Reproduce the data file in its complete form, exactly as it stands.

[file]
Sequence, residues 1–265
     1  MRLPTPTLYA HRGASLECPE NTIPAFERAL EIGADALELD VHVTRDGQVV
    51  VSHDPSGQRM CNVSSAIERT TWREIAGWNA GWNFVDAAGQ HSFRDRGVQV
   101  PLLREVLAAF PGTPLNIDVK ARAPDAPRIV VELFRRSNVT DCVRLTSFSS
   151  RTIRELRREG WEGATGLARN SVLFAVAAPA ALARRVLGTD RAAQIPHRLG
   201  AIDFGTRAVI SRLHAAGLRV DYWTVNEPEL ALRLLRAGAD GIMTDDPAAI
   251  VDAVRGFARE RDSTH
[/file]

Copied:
Sequence, residues 1–265
     1  MRLPTPTLYA HRGASLECPE NTIPAFERAL EIGADALELD VHVTRDGQVV
    51  VSHDPSGQRM CNVSSAIERT TWREIAGWNA GWNFVDAAGQ HSFRDRGVQV
   101  PLLREVLAAF PGTPLNIDVK ARAPDAPRIV VELFRRSNVT DCVRLTSFSS
   151  RTIRELRREG WEGATGLARN SVLFAVAAPA ALARRVLGTD RAAQIPHRLG
   201  AIDFGTRAVI SRLHAAGLRV DYWTVNEPEL ALRLLRAGAD GIMTDDPAAI
   251  VDAVRGFARE RDSTH